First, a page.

Willette also raised the possibility of a "senior" gym being incorporated into this next phase and pointed to Greenfields Outdoor Fitness products. This community gym equipment is designed for outdoor use and ranges from sit-up benches to ellipticals along with options for handicapped accessibility.  
 
Koperek asked if there was a possibility of attaining grant money in the future to put in such an option. 
 
"There's clearly enough space. It would be nice to keep all that stuff kind of close — splash park, skate park, walking track — as we put it all together," Nuvallie said. "Under a great scenario, if we went out to bid with this and bids came in under budget and we had some additional unused money, then we could sprinkle this in."
 
He didn't think it would be too complicated or large in money. 
 
Willette had gotten some rough quotes from local contractors on installing at least a 1,500 square-foot concrete pad on which to locate the equipment. That had come to around $20,000 for preparation, $6,000 for the pad and $33,000 for the equipment. He wasn't sure if the quotes had taken into account prevailing wage but wondered if the Department of Public Services could do some of the work.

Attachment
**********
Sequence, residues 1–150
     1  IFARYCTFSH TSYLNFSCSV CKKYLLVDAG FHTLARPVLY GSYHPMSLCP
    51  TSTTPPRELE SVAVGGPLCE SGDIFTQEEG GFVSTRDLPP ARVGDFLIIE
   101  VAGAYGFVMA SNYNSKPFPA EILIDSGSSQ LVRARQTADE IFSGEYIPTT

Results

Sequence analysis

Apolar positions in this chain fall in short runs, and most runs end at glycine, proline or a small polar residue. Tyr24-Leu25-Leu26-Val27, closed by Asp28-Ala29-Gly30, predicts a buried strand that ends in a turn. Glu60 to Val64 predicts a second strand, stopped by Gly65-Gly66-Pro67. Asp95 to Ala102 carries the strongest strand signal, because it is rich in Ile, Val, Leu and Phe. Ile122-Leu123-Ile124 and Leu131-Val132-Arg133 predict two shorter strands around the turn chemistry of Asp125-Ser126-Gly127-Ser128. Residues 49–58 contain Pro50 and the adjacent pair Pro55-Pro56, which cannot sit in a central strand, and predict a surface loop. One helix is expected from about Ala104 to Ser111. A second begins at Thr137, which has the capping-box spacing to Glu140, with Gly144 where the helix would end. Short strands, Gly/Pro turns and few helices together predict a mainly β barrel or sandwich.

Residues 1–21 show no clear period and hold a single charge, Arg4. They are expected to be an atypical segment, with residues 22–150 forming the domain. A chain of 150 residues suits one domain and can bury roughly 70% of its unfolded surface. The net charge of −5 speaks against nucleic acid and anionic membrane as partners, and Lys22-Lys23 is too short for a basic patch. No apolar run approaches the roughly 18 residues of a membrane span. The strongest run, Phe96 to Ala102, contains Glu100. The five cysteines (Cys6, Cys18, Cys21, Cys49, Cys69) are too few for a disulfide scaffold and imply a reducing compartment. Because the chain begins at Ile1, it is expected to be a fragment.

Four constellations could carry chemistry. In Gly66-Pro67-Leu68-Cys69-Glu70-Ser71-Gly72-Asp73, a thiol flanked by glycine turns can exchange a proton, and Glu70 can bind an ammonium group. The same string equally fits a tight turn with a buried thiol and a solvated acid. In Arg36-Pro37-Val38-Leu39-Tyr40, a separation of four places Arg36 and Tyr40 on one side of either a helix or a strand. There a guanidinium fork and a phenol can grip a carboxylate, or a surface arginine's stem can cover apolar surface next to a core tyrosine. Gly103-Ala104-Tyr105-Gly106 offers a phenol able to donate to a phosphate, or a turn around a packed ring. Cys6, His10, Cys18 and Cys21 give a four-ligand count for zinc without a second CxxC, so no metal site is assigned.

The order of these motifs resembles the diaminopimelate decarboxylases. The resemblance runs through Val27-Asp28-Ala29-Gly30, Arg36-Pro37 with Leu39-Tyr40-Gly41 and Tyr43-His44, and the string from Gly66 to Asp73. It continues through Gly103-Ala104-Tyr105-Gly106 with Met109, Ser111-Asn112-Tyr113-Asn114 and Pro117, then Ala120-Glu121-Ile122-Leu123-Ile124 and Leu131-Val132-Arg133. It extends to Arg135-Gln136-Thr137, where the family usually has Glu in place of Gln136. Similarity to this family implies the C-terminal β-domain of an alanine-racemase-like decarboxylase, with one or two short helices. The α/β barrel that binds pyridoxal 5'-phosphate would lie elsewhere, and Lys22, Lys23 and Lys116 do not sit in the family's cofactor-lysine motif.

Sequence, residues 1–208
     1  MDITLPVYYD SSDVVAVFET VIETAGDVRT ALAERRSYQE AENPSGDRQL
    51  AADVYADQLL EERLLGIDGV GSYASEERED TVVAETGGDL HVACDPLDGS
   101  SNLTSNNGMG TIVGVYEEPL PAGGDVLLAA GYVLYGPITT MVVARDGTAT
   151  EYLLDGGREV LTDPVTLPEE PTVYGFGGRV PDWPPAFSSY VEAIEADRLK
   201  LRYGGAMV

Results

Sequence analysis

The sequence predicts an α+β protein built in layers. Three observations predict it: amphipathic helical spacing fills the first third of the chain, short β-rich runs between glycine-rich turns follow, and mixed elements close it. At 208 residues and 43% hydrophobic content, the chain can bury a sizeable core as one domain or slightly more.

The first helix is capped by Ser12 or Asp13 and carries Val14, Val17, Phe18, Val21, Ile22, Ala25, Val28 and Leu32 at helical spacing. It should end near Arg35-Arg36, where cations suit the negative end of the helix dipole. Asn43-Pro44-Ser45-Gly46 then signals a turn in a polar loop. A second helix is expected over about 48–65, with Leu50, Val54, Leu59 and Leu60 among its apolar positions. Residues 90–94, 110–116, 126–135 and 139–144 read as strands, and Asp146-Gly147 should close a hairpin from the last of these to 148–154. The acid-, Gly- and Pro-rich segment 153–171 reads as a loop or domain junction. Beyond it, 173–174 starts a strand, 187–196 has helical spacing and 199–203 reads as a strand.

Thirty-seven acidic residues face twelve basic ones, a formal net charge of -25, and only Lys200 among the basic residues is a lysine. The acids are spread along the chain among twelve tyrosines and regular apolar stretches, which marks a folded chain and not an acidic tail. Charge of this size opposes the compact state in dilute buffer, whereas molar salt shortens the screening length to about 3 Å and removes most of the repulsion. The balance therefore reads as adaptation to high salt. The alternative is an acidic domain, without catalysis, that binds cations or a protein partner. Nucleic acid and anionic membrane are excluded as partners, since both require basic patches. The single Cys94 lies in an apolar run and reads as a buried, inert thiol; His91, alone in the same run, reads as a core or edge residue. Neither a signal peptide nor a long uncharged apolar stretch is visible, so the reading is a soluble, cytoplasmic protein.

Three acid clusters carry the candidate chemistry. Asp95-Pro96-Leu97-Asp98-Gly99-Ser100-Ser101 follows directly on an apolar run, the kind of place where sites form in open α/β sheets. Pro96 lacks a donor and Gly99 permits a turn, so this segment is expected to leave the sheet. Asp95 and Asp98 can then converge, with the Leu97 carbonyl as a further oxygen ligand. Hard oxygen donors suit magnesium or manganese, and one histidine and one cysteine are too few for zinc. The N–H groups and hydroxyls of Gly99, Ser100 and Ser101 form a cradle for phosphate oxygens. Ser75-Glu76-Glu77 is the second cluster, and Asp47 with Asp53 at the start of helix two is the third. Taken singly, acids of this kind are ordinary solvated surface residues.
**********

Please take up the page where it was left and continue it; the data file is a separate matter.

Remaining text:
"I can't speak for Public Works, they probably have the wherewithal and they probably have the tools. I don't know if they have the time given the manpower," Nuvallie said. "The other thing that concerns me is making sure what we applied for in our grant is what we're going to build. Something $20,000, $30,000, that's a bigger price tag than I had thought and I think that would trigger a formal amendment." 
 
He said it was worth leaving it on the table for future work at Noel Field. 
 
In other business, the commissioners discussed a request to move the lights from River Grove Park to Fallon Field. The lights had been installed for football practices but have not been used in some years. Moving them to Fallon would allow two games to be played in the evenings and give the league access to bathrooms and a concession stand, said Erin Booth of North Adams Independent Youth Baseball, attending on behalf of Steve Phaneuf.
 
"It's a good-sized field, it's good for them. The rules are a lot different: they get to lead, they get to steal anytime," he said of the players who range up to age 12. "It's more or less Babe Ruth baseball rules on a smaller field."